As we age, and, as we deal with aging parents, we become more and more concerned with protecting assets. Sometimes, we can do everything we think is right, only to discover that doing what is right can result in getting it wrong.
The following is Pt 2 of a guest post from Ina Nenninger, who turned a negative experience into a cautionary tale for others. Ina wants nothing more than to help people avoid going through what she did, and we are grateful to her for her hard-won wisdom. If you missed Pt 1, please read it before you read Pt 2:
Mom passed away in May 2016 at the age of 96. That June, I received documents from her estate from the bank. There was the same will I had seen and also a living trust document. And that is when I realized that the “guts” of mom’s estate instructions were included in the living trust. In there was a page with a list of bequests. I began to wonder why I had not be told of the significance of the living trust document when I had requested a copy of the will.
First on the list of bequests was a donation. Second was a bequest to her caretaker. The amount of that bequest was 5 times the amount that was previously to go to her former caretaker (who had worked for the family for more than twice as long!), and the amount was equal to the bequests to each of the grandsons. It would be appropriate to mention here that the caretaker and the account manager had become very close social friends (so close that the caretaker stayed at the home of the account manager often, including the night after my mother’s passing). The list of bequests did not include anything for the woman who had been taking care of Mom every weekend for at least 3 or 4 years.
The list of bequests did include the first great-granddaughter. However, prior to the date of the signing of the revised will and the restatement of the living trust, a second great granddaughter had been born. I doubt that my 95-year-old mother realized that she’d included only one of the girls. By this time, she often thought I was her sister rather than her daughter.
The new documents also shocked us with regard to the family home. My parents had built that house in 1983 and had lived there ever since. My mother had asked us many times if we would be sure to use the house after she was gone. Specifically, she had told the one grandson who lives in that area that he should live in the house. Instead, the will stated that the house was to be sold.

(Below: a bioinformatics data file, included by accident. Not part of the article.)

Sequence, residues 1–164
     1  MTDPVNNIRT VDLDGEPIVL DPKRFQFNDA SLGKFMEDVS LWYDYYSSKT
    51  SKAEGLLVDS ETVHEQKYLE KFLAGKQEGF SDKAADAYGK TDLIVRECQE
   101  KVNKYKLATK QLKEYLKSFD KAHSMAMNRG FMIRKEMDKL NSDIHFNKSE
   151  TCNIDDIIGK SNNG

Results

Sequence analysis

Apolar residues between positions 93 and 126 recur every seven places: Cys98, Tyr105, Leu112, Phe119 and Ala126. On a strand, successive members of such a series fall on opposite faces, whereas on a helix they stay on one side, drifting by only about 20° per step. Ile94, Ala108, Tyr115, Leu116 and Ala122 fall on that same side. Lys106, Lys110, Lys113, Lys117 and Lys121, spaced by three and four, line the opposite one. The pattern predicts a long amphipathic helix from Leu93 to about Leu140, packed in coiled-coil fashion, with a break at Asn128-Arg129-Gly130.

The bank was named as the sole Personal Representative for the estate (Florida’s title for what the rest of us call the Executor). They gave us a deadline to remove all personal belongings. And they removed our privileges to enter the house or even to enter the gated community where it is located. This despite the fact that the estate is, of course, still required to pay the community and country club fees until the house is sold. This is likely to be a long, drawn out process due to depressed values in the neighborhood. And so we are paying a country club membership but are not allowed to use it! All of this could have been avoided if at least one of us in the family was named as a co-trustee of the Living Trust or as executor of the estate.
There are more details that could be listed here. However, it seems that the items listed give you enough of our story to lead you to your own conclusions. And hopefully they will lead you to avoid the misjudgments we made.
While we felt we had taken appropriate steps to care for my mother’s physical and financial well-being, we should have taken further steps to oversee the details. We had the right and the responsibility to check into every aspect of her care, including full knowledge of every detail of her finances.